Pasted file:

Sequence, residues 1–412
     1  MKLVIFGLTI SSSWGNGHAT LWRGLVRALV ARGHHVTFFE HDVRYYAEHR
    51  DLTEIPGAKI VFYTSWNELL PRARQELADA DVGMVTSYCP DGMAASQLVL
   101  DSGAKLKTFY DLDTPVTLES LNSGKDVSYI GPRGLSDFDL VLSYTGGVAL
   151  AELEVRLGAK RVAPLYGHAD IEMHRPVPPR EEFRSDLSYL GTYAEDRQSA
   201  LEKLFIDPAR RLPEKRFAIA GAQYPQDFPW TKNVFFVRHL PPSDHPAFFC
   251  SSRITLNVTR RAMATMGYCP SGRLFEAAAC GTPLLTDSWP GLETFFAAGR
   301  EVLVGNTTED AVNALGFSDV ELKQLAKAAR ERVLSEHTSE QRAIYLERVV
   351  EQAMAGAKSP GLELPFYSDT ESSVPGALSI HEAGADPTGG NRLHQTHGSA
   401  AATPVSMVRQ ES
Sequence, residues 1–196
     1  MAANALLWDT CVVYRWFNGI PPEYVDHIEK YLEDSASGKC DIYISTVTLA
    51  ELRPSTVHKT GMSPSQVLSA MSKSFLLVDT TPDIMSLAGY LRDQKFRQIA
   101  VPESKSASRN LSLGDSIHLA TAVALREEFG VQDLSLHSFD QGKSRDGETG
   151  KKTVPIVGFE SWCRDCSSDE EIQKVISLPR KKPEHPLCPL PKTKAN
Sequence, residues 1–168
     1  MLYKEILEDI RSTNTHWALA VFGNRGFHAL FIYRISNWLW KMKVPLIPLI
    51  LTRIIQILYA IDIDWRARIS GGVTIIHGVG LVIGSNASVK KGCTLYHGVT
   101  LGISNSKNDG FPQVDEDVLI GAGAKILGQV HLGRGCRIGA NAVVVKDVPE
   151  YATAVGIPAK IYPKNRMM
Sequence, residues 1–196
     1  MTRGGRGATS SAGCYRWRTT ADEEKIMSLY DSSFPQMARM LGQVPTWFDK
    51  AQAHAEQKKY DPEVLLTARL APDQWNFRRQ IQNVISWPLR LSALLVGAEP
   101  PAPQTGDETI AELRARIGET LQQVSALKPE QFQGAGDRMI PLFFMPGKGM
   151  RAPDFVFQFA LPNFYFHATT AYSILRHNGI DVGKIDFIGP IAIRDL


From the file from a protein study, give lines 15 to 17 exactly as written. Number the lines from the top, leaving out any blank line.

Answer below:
   151  KKTVPIVGFE SWCRDCSSDE EIQKVISLPR KKPEHPLCPL PKTKAN
Sequence, residues 1–168
     1  MLYKEILEDI RSTNTHWALA VFGNRGFHAL FIYRISNWLW KMKVPLIPLI